MacKillop-Woods Way Pilgrimage 2018 – Day Eight (24 April) – Moruya to Batehaven via Broulee

(Please note: this edition of my journal for the MacKillop-Woods Way was edited by Josh.)

Early rise this morning as we had a long way to go to Batehaven. We were glad to find that the Church of the Sacred Heart was already open. This is a truly beautiful building with very little that has been done to it by way of modernisation – even the altar rails are still around the high altar. One of the very few changes that have been made to the building since the Council are the two stained glass windows in the transept. At first, I took these to be original to the 1887 church, but then spied the date etched in at the bottom “by Benfields Studio 1979”. Have a close look at these windows and the details in the pictures link below, and you will see little Australian details that mark them out as modern. It just goes to show that it is not impossible to make beautiful things for our places of worship even in this age.

By 8:30am we were on the road and crossing the Moruya River. There were lots of pictures of swans on all the businesses and road signs everywhere, which led us to think that maybe “Moruya” means “swan”, although one member of our group thought that maybe it meant “elephant”…

Instead of following the Princes Highway to Batemans Bay, we went via the coast. There are a couple of options here, but to start with we needed to head out towards the Moruya Airport on North Head Drive on the north side of the river. This is a beautiful route, even though the road is still quite busy. In the early morning, there was plenty of dew on the grass which wet our feet as we walked on the verge, but it was so still that we could see almost perfect reflections of the boats moored on the river. We came to the Moruya Quarry, now closed, and the park across from it that commemorates the temporary workers’ settlement established in 1925 called “Granite Town”, which was set up in order to accommodate those who quarried and shaped the granite that was used to build the Sydney Harbour Bridge.

The first stone quarrier in the area, however, was a chap by the name of Henry Ziegler who opened the quarry in 1864. I first noticed this name appearing on the tombstones in the historical cemetery outside of Central Tilba, and we had come across it again as the builder/provider of stone for both All Saints Bodalla and Sacred Heart Church in Moruya. I noticed it especially, because my step-grandmother’s maiden name was Ziegler, although I am sure that there is no close connection.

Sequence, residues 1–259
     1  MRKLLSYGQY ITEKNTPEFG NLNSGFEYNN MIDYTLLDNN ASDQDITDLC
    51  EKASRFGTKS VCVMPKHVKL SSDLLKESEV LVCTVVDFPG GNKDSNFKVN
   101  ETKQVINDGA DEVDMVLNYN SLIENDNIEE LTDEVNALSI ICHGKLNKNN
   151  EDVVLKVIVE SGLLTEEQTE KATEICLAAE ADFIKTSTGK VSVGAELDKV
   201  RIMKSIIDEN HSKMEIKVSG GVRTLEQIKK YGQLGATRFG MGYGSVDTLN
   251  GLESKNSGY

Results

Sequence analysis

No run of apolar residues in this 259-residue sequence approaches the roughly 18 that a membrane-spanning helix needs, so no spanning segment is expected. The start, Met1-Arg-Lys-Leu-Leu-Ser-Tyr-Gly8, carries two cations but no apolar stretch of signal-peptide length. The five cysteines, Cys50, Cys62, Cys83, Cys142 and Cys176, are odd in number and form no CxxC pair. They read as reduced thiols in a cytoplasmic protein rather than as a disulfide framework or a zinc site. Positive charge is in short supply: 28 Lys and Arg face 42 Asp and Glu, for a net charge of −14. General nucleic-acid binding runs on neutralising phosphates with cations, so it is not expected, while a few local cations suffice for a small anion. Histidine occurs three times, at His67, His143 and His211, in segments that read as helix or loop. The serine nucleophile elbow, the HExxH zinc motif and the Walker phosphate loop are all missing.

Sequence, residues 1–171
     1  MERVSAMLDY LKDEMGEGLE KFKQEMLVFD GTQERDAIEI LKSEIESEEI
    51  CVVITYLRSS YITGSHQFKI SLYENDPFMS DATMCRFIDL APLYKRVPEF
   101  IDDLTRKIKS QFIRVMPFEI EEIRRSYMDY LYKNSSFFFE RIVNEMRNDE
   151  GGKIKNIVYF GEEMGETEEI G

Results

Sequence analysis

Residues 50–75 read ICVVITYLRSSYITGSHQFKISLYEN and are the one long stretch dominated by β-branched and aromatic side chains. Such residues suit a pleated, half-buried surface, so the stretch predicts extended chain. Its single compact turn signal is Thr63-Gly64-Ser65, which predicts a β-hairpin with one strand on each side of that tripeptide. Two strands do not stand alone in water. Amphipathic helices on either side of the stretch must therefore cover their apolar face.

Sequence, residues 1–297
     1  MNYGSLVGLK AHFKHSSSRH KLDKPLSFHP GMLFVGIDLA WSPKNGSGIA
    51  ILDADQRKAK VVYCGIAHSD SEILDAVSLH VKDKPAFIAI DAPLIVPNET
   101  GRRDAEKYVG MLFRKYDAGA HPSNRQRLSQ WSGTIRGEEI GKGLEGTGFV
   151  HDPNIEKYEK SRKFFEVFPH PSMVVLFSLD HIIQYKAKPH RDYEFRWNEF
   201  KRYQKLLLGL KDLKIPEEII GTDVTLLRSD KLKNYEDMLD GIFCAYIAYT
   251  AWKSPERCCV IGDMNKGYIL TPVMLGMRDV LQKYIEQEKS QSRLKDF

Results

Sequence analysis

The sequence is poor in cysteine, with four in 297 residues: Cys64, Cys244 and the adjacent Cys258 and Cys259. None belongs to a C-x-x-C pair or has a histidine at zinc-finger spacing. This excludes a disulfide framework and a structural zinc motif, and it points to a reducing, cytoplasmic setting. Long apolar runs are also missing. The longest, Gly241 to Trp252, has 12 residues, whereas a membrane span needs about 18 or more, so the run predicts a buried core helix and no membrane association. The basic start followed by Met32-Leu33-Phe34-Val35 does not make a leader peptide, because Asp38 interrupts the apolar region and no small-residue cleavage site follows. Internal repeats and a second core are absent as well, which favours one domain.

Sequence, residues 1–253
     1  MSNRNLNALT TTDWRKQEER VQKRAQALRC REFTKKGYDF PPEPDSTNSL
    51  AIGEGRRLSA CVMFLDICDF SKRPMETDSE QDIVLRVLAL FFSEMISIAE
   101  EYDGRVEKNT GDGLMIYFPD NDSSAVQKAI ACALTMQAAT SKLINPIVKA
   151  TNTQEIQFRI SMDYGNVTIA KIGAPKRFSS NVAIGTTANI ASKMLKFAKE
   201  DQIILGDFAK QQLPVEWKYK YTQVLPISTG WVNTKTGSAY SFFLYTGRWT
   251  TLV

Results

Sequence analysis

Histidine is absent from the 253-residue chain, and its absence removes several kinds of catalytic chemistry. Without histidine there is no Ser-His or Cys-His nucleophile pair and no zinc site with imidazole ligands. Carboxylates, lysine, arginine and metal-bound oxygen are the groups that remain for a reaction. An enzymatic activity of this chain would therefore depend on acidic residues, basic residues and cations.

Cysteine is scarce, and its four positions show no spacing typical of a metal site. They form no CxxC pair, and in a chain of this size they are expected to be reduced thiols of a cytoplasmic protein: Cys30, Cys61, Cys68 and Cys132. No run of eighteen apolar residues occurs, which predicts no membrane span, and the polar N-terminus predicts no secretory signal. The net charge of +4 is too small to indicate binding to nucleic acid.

An interesting thing is that Google Maps shows Granite Town not being where the commemorative park is (on the north bank of the river where the quarry is), but rather on the north-west side of the racetrack where currently there is a village populated by people who work in the local horse-racing industry. I had planned to get off the main road at this point by taking Donnelly Drive around the race course, but I also noticed that Google Maps (and some other satellite sources) shows a trail running through the bush parallel to Donnelly Drive. I was curious to try this route, so while the other two went on the way we had planned, I followed this bush route. A word of advice to future pilgrims: don’t do this. I did eventually find the track – it was there – but at the start it was barely more than a kangaroo track. I had to change my sandals for my shoes, and at one point totally lost the track. Also, it is on private property. I eventually came out onto a vehicular track that was quite easy to follow, but then came in the back of the go-kart business, which was all fenced in, and had to be shown the way out by the proprietor.

Josh and Sean meanwhile had come up Donnelly Drive and met me just as I emerged. The maps show this as a no-through-road, but you can get through the end on a sandy track, doubtless used by the horse people and their steeds, which crosses George Bass Drive and heads around the airport runway to the Bengello Beach car park. Here starts a attractive trail that runs for about 4kms, covered with a shady canopy of banksia and gum trees. A cool breeze was blowing from the shore about 150m to the left of the trail which made it one of the most pleasant sections of the Way so far. It had a sort of monotonous beauty that made walking effortless and peaceful. It comes out at the South Broulee Beach car park. At this point, a nice shared bikeway leads for about 2kms all the way through to the bridge over the Candlagan Creek.

In Broulee there is a small supermarket and post office in Grant Street, where we requested and received a stamp in our pilgrim passports. We were going to buy our lunch there, but they advised that there was a cafe just another 500m down the road called Single Fin Cafe. We can recommend this to future pilgrims – great coffee and good food. The proprietress was a local who had spent much of her life in Melbourne but had returned to the South Coast to look after family and took on this business. We filled up our water from the filtered water in the cafe and headed on toward Batemans Bay. We were making very good time to this point – we had arrived at 12:30pm – but we left forty minutes later, a little behind what I would have liked to have been doing. We made our way up Annetts Parade toward George Bass Drive again, and found a small track through the bush just before meeting the road, which saved us walking on the main road for about 850m. On the other side of the bridge over the Tomago River is a large IGA and a restaurant with a…beer garden. Yes, dear reader, your correspondent and his weak willed companions were once again tempted off the Way by the demon drink. So after another half-hour delay, we were finally on our way again by 2:45pm.